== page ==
A nice little post here from the Velcro City Tourist Board, following on from my previous post on why most people who call themselves “accelerationists” are kinda missing the point. Paul Raven writes:
The point being: for the most part, though with some notable exceptions, postmodernist thinkers were not advocating for a doctrine of postmodernity so much as they were attempting to describe the contours of a new cultural condition that had been assigned that (unfortunate and contentious) moniker. As such, I’m tempted to see accelerationism as Colquhoun sees it — which, I concede, may not be a universal conception of that term — as being a condition rather than a creed, in the same sense that postmodernity was a condition rather than a creed; in both cases, the conditionality may suggest certain stances in response, but that’s a very different thing to waving a flag that says “postmodernity, yay!”
Interestingly, my original thought emerged from a post I started working on around the same time that was going to argue this exact same point. Unfortunately, I ran out of energy to complete it but the gist was: “Why are so many people on YouTube obsessed with defending postmodernism?”
The draft consisted of a single paragraph I had intended to build out:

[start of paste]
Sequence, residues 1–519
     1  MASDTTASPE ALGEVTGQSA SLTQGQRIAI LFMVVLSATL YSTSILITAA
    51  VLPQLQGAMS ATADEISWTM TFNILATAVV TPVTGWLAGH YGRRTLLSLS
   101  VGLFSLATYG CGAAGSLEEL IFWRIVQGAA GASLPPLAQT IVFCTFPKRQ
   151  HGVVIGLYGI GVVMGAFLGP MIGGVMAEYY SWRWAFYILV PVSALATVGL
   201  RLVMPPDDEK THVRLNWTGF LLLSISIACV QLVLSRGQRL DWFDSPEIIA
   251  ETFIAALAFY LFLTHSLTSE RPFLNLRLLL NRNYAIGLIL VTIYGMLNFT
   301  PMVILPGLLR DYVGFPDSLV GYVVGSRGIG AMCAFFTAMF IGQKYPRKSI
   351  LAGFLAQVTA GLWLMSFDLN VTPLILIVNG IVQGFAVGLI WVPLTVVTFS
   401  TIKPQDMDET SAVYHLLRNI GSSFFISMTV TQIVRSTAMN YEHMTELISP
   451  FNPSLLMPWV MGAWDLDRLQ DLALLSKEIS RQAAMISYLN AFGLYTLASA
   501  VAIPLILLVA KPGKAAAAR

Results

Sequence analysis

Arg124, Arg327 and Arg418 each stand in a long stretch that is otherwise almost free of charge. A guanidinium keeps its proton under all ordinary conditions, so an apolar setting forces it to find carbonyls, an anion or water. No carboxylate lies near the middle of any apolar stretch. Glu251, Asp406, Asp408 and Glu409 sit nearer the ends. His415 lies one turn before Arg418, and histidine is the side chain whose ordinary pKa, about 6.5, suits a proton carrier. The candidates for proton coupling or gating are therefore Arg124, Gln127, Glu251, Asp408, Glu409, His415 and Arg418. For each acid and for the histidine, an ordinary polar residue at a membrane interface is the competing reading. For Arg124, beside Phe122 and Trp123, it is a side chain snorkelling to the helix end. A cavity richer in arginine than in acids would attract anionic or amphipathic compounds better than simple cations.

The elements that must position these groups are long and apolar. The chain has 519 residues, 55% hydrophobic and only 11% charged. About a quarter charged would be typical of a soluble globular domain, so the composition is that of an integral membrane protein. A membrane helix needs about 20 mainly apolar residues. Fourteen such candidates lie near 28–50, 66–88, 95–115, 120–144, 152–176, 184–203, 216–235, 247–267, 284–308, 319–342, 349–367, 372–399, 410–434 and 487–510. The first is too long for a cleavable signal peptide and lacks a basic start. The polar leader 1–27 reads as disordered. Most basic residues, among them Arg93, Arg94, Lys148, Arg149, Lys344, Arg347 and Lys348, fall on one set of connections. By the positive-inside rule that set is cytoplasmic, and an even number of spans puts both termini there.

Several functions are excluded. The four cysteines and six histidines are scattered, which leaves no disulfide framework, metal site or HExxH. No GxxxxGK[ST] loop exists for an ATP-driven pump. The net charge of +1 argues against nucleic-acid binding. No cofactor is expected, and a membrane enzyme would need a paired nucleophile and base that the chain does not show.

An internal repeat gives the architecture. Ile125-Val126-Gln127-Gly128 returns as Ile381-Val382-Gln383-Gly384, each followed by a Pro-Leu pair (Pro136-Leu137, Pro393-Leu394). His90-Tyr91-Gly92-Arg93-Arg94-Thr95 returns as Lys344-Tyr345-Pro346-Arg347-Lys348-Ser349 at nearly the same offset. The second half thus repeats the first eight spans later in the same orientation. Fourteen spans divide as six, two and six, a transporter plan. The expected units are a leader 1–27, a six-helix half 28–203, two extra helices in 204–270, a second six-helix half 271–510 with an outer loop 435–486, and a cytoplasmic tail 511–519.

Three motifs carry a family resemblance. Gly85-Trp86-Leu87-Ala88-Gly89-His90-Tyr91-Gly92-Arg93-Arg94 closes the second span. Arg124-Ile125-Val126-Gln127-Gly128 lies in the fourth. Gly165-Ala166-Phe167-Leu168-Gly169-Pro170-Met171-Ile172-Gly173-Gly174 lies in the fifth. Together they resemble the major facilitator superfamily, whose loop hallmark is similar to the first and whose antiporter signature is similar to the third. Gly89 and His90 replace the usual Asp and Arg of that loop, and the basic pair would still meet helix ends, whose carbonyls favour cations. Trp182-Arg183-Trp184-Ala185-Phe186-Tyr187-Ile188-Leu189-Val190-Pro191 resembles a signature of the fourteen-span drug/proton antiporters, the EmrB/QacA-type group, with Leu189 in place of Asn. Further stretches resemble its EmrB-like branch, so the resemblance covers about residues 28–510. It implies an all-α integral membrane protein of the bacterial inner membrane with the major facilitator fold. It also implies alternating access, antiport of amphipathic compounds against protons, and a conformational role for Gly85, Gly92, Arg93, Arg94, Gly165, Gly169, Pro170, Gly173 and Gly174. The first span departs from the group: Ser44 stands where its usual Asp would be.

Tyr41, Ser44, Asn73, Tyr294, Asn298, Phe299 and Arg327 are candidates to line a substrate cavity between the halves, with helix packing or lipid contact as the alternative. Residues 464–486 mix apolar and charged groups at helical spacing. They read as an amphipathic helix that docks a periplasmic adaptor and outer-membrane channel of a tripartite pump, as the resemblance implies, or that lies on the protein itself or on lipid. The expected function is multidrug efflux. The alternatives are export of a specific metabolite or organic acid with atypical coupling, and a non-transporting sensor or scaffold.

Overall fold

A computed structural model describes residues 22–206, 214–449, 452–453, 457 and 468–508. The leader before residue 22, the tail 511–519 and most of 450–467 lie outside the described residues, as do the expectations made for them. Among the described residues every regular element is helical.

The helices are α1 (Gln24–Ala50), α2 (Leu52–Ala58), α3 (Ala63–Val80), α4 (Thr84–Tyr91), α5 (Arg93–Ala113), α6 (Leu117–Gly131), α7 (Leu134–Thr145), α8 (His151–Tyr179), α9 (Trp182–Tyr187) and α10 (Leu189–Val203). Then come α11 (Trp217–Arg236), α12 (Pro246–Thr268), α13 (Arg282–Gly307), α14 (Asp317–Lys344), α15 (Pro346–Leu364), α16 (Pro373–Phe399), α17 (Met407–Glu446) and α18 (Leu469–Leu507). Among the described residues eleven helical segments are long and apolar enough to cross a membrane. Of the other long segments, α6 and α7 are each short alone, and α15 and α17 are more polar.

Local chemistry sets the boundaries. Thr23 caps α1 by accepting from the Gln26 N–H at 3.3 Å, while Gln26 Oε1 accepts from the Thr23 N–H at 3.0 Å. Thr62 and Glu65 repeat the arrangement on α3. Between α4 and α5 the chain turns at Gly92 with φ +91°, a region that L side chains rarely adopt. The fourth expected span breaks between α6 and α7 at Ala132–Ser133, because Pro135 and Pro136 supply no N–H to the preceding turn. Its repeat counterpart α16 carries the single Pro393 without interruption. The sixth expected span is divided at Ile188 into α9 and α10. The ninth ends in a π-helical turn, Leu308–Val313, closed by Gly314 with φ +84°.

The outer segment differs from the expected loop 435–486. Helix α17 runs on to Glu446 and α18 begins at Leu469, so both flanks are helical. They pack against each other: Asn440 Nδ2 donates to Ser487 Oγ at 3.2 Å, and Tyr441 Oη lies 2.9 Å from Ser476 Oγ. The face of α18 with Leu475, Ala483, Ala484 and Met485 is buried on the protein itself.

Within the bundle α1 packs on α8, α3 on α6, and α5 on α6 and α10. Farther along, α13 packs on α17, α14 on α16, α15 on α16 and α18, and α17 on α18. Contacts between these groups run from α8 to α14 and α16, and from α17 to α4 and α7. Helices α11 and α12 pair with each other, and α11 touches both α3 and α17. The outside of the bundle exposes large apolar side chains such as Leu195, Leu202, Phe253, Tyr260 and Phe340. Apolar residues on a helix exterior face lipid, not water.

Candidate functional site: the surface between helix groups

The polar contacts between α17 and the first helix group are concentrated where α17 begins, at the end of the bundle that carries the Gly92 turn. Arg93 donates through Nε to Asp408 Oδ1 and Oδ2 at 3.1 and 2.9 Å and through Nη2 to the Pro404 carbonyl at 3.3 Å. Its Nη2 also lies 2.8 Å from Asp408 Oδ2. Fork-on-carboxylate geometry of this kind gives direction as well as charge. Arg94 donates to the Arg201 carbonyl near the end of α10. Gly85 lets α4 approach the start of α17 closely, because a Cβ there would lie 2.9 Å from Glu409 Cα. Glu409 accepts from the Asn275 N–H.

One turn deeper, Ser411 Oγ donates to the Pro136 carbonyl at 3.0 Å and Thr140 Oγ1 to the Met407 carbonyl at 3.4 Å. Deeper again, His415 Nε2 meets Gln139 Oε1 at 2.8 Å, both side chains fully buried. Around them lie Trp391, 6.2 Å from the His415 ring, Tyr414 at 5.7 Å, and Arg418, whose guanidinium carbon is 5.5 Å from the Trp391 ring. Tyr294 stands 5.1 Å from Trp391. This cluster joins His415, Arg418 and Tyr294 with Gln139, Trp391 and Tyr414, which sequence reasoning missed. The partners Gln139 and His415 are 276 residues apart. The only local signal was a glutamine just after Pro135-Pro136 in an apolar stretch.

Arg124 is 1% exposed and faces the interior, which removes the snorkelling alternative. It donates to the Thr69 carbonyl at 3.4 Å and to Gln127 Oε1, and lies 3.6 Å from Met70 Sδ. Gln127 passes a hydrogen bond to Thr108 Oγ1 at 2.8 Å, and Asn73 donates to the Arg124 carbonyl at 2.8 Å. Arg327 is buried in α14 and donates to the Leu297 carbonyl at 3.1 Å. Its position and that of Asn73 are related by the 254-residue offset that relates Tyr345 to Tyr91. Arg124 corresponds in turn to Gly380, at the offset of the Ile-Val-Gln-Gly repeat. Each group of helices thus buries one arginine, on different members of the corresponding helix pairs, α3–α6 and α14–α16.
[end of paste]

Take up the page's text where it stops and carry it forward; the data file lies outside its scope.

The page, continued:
It seems like, in a bizarre twist of fate, postmodernism has become a defendable position simply because Jordan Peterson equates it with “cultural Marxism” and whatever else the left is apparently plotting, but just because Peterson thinks its dangerous and bad doesn’t unfortunately make it good.
Lots of Breadtubers are guilty of this binary thinking and their audiences tend not to know any better to pick up on it. Nevertheless, reactively taking on Peterson’s idiocy only ends up extending it into our own discourses. It’s depressing to see.
This is an opportune moment to share Mark and Robin’s old Ccru essay on pomophobia, and from there on out the trajectory is clear. Postmodernism is absolutely a condition rather than a creed. Mark would further distil this point into his later writings on hauntology. Accelerationism was what came next.
I have an account of this trajectory written up in the first chapter of Egress. The connection between Mark’s hauntological and accelerationist writings is explicit, precisely because they are complimentary modes of writing that attempt to deal with the conflicting temporalities contained within what we used to call “postmodernity”. Keeping those modes distinct is not simply pseudo-academic pedantry on my part but an attempt to halt the trajectory I feel myself more and more explicitly fighting against — the flattening and homogenising of all critical faculties. Too many continue to do pomo’s job for it unwittingly. That’s even more depressing than Peterson’s reactionary critics.